Drowning in debt — Barbados' predicament
Barbados, an island nation in the North Atlantic, doesn't usually garner the attention of international media, particularly when it comes to its economy. With a population of about 285,000 in 2016 and total economic output amounting to just over $4.5 billion (€3.9 billion), according to World Bank data, the country's size and role in the global economy is very limited.
Nevertheless, over the past decade the Barbadian economy has been struggling with severe debt and deficit problems. Growth suffered a sharp contraction in the wake of the 2009 global financial crisis and has remained weak since then.
In 2016, according to the World Bank, the economy expanded by a mere 1.6 percent. Weak growth figures have further strained Barbados' public debt, putting pressure on foreign exchange reserves and helping to spark repeated downgrades of the island's credit rating.
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Barbados currently has the fourth-highest debt-to-GDP ratio in the world after Japan, Greece, and Sudan with the country's figure standing at 175 percent. A delegation of the International Monetary Fund (IMF) recently visited the Caribbean nation and described its economy as being in a "precarious" situation.
Barbados' recently elected Prime Minister Mia Mottley this week announced a raft of measures to tackle the problems and put the nation's economy on a firmer footing.
The proposals are estimated to cost around $660 million and include new fuel taxes, a 50-percent hike in commercial premises' water bills and a new health service contribution amounting to 2.5 percent of an individual's income, among other things.
Motley, who was elected in May as Barbados' first female prime minister, also announced that the country would seek a restructuring of the public debt and temporarily suspend payments due on debts owed to external commercial creditors. She said that the previous administration, under Prime Minister Freundel Stuart, left almost $7.5 billion in debt.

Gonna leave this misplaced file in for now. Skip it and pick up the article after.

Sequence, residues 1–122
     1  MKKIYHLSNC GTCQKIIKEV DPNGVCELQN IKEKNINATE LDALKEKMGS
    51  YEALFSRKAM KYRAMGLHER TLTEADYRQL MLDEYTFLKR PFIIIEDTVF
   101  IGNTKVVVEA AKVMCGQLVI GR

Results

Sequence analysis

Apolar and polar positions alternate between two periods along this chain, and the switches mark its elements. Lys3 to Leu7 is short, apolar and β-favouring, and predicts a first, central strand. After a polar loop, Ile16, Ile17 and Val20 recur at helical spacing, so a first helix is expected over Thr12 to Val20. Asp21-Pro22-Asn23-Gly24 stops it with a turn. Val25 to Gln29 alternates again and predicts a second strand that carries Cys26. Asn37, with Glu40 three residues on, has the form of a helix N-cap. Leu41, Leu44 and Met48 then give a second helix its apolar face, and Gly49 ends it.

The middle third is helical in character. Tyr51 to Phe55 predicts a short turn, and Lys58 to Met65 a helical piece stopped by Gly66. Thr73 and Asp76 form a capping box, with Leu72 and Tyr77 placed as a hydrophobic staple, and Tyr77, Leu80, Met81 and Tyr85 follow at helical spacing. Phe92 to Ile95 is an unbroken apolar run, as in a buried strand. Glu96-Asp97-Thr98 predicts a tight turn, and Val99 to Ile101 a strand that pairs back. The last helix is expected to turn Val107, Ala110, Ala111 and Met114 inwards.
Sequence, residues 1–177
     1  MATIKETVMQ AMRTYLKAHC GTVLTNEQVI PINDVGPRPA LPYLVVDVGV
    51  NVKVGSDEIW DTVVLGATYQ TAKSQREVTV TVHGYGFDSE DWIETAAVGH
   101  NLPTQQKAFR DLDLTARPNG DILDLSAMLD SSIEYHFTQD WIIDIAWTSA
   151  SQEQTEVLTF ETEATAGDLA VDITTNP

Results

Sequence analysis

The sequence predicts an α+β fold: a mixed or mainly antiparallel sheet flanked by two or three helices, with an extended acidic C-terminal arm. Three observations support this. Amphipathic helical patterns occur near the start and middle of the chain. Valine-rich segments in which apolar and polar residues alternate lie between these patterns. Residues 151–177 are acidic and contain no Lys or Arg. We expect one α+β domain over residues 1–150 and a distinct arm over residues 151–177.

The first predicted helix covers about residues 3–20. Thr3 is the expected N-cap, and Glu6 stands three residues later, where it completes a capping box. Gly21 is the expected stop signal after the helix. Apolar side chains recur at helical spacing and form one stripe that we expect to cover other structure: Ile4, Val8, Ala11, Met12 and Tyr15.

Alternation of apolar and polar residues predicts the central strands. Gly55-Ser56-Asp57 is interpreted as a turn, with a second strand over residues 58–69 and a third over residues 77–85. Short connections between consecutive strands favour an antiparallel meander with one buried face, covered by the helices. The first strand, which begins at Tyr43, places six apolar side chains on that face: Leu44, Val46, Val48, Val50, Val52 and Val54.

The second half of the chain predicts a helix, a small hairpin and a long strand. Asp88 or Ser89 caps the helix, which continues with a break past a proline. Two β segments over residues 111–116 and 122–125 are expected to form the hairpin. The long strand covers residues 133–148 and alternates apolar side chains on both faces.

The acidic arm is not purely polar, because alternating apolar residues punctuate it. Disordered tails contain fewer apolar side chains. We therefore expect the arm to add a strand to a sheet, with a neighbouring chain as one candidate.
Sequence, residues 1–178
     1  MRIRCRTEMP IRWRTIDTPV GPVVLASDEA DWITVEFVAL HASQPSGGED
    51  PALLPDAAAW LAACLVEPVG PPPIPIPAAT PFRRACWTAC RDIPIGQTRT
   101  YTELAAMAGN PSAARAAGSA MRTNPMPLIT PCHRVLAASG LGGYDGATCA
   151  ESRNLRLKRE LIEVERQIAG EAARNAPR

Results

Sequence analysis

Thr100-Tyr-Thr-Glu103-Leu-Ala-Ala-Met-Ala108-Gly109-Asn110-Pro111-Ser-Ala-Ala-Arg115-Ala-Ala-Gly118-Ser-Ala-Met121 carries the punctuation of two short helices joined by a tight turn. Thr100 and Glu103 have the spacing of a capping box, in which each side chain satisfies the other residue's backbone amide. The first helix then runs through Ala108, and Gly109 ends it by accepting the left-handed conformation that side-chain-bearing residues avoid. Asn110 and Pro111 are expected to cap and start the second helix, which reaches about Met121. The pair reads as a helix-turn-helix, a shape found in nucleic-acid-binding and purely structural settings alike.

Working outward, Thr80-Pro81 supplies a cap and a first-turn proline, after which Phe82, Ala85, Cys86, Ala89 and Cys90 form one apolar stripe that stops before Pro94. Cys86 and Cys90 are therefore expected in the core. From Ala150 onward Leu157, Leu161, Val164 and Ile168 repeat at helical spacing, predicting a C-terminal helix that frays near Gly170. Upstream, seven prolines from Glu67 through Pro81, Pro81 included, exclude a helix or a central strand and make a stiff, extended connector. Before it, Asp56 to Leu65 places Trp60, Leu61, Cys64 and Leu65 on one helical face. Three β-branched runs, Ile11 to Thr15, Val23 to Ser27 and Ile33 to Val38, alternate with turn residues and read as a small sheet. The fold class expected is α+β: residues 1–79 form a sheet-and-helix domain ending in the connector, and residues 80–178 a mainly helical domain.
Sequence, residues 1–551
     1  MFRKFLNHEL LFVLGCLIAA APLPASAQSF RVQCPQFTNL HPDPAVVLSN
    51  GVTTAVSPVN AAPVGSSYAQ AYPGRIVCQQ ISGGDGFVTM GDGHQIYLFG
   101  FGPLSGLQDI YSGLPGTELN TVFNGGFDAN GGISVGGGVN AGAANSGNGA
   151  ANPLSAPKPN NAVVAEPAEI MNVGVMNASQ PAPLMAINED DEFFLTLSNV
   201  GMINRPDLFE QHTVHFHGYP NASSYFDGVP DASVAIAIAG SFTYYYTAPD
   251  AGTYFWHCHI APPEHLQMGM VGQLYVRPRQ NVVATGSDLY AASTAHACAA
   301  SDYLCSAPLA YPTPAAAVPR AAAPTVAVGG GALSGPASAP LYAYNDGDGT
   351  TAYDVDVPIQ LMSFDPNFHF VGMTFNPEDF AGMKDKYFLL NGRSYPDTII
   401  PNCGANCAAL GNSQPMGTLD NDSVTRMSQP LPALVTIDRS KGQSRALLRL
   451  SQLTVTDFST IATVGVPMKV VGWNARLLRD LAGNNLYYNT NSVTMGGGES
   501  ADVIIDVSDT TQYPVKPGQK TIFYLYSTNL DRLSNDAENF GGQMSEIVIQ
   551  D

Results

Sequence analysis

"We will protect the most vulnerable, but we will all have to make sacrifices for our country. Today we move forward together in a new spirit of openness and with a new covenant of hope and opportunity. I ask our domestic and external creditors to accompany us on this journey of rescue, rebuilding, and transformation," Mottley was quoted by local media as saying.
But the prime minister now faces the tough challenge of balancing her campaign promises with the difficult fiscal reality. Her government, experts say, has to take measures to boost growth and expand the tax base while containing public expenditures and protecting the most vulnerable sections of society from economic distress.
A region-wide problem
Barbados is not alone in the region when it comes to facing economic problems. Many Caribbean nations are going through a similar phase, experiencing troubles emanating from their high debt and deficit levels.
The origin of many of their woes dates back to the late 1990s. Between 1975 and 1997, a deal between the European Union's forerunner, European Economic Community, and Caribbean countries gave the latter privileged access to the European market.
The arrangement was intended to bolster economic development in the Caribbean. But the United States argued that it broke free trade rules and filed a complaint with the World Trade Organization in 1997, and won.
As a result, Europe had to change its rules, hurting the Caribbean nations' growth prospects. To finance growth and investment, these countries then increasingly relied on debt.
The region has been hit by a number of hurricanes over the past two decades, forcing them to undertake debt-driven disaster recovery efforts, in turn weakening their finances further.
To put its economy back on track, observers say Barbados is making all the right moves but the road to recovery will be a long one. If Prime Minister Mottley can make good on her campaign promises while rectifying external and internal debts, analysts underline, Barbados might be out of the red and into calmer economic waters sooner rather than later.